Supreme Court pork case could swing state climate reg fights

By Pamela King | 03/28/2022 02:08 PM EDT

Justices will consider farmers’ dormant commerce clause claim against a California law on pork sales. Similar claims have been raised against state energy and climate laws.

Smoked ham.

Smoked ham is displayed for sale in a grocery store ahead of the Thanksgiving holiday in 2021 in Los Angeles, Calif. Mario Tama/Getty Images

The Supreme Court today agreed to get involved in a California pork production dispute that has the potential to affect other legal battles over state environmental regulations.

In its order list this morning, the justices indicated that they would consider National Pork Producers Council v. Karen Ross, a challenge to California’s Proposition 12, which bans pork sales in the state unless farmers meet specific space standards for sows.

“Californians account for 13% of the Nation’s pork consumption, but raise hardly any pigs,” pork producers and farmers wrote in their Sept. 27 petition to the Supreme Court. “The massive costs of complying with Proposition 12 fall almost exclusively on out-of-state farmers.”


Pork producers claim that the California law violates the dormant commerce clause, which prohibits states from discriminating against interstate commerce.

The Supreme Court has previously rebuffed similar claims against state climate and energy laws, like fuel emissions programs in Oregon and California (Greenwire, May 13, 2019).

Dormant commerce clause cases have the potential to divide the court in surprising ways. The Supreme Court is currently dominated by six conservative justices — some of whom may favor states’ rights to craft their own environmental rules.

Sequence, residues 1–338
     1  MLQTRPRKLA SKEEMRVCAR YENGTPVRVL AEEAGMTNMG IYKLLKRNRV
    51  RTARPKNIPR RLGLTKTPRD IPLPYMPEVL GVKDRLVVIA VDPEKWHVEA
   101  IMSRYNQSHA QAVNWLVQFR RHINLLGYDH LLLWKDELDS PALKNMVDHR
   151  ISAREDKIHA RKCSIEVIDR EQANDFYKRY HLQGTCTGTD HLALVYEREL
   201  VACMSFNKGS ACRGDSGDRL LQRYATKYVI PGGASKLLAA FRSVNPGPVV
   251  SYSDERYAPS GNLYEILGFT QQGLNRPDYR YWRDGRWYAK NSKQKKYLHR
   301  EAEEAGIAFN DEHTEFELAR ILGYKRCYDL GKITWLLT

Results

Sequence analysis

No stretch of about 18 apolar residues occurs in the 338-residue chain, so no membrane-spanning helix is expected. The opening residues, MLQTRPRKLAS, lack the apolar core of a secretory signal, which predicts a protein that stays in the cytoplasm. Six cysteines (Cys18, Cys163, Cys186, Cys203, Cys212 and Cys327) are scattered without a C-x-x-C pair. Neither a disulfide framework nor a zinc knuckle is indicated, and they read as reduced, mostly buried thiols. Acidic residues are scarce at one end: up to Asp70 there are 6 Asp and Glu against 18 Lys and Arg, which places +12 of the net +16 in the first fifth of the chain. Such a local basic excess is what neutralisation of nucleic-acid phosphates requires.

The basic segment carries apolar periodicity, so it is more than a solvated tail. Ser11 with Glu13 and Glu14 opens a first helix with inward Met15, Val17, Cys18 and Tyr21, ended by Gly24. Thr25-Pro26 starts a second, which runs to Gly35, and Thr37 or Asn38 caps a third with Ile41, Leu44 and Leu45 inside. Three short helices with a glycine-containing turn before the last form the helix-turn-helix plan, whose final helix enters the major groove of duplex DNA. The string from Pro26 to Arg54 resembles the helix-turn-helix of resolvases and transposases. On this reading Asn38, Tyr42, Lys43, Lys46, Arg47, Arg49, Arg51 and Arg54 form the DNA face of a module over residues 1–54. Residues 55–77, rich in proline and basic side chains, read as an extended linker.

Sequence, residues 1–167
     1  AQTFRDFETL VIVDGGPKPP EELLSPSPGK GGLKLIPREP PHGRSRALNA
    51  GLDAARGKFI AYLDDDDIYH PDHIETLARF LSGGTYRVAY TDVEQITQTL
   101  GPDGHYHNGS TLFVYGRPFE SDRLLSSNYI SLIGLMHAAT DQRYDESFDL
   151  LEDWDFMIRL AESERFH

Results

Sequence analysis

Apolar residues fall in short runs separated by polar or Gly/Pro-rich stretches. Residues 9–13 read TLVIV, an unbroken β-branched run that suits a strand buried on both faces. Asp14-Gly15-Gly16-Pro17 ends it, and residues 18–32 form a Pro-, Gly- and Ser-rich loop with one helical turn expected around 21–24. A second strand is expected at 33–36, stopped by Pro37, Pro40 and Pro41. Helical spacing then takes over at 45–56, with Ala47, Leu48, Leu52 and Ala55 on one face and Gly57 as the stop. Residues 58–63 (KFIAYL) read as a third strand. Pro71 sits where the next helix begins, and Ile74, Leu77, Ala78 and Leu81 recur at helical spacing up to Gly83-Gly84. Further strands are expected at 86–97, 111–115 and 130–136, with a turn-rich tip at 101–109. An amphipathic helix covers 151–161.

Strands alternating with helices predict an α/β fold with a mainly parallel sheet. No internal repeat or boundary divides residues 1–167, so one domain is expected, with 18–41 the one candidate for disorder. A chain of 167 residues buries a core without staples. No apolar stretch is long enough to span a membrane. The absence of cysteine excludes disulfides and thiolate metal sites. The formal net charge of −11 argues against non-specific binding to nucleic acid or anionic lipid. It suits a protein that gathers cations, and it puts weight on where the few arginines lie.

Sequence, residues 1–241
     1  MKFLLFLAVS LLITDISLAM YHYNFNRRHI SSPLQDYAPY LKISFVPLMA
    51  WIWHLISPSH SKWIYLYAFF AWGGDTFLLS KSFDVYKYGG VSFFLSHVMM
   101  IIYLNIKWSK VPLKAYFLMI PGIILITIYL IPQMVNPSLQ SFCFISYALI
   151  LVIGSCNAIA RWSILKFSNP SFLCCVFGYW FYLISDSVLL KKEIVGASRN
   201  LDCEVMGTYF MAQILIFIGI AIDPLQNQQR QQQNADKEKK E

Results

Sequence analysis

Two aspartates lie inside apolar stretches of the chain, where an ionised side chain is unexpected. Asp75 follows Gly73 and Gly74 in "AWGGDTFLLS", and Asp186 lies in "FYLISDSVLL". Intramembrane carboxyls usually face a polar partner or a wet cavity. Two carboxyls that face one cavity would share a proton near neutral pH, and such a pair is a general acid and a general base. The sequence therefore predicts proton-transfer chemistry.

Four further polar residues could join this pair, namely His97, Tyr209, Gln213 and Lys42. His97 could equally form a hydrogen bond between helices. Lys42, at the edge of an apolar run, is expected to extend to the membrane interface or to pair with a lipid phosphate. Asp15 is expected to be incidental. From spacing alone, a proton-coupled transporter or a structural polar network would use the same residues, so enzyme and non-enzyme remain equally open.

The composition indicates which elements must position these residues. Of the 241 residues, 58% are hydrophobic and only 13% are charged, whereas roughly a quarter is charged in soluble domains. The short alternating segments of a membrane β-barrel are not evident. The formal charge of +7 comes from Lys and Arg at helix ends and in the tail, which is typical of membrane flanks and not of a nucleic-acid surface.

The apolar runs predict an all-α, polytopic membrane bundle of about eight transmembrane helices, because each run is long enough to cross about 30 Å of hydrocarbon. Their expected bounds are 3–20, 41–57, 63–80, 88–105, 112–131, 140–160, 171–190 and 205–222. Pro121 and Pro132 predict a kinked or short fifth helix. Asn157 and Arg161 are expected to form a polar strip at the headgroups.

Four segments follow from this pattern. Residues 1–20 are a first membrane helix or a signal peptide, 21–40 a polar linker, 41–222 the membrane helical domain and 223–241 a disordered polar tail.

Conservative Justices Neil Gorsuch and Clarence Thomas, for example, dissented in a 7-2 ruling in 2019 that rejected Tennessee’s residency requirements for liquor store operators in the state (Energywire, June 27, 2019).

“Today and for the first time, the Court claims to have discovered a duty and power to strike down laws like these as unconstitutional,” wrote Gorsuch at the time. “Respectfully, I do not see it.”

California had urged the justices, who decline to take up most petitions that come their way, to reject the pork producers’ plea.

“In 2018, nearly two-thirds of California voters approved Proposition 12, adopting certain minimum standards for pork and other animal products sold within the State,” wrote attorneys for Karen Ross, secretary of the California Department of Food and Agriculture, in a Dec. 21 filing.

“Most of those standards have already gone into effect, including the restriction on the sale of pork derived from breeding pigs not provided enough space to stand up or turn around freely,” they continued.

State lawyers added that every lower court to consider a dormant commerce clause challenge to California’s Proposition 12 had rejected it and noted that the Supreme Court has denied similar questions in the past.

The department could not be reached for comment this morning on the Supreme Court’s decision to take up the case.

The National Pork Producers Council and the American Farm Bureau Federation, the petitioners in the case, celebrated the court’s order this morning.

“NPPC has poured a lot of blood, sweat and tears into preserving the rights of America’s pork producers to raise hogs in a way that’s best for their animals’ well-being and that allows them to continue selling pork to all consumers, both here and internationally,” said council President Terry Wolters in a statement this morning.

The case, which is expected to be argued next term, could be one of the first Judge Ketanji Brown Jackson considers, if she is confirmed to the Supreme Court.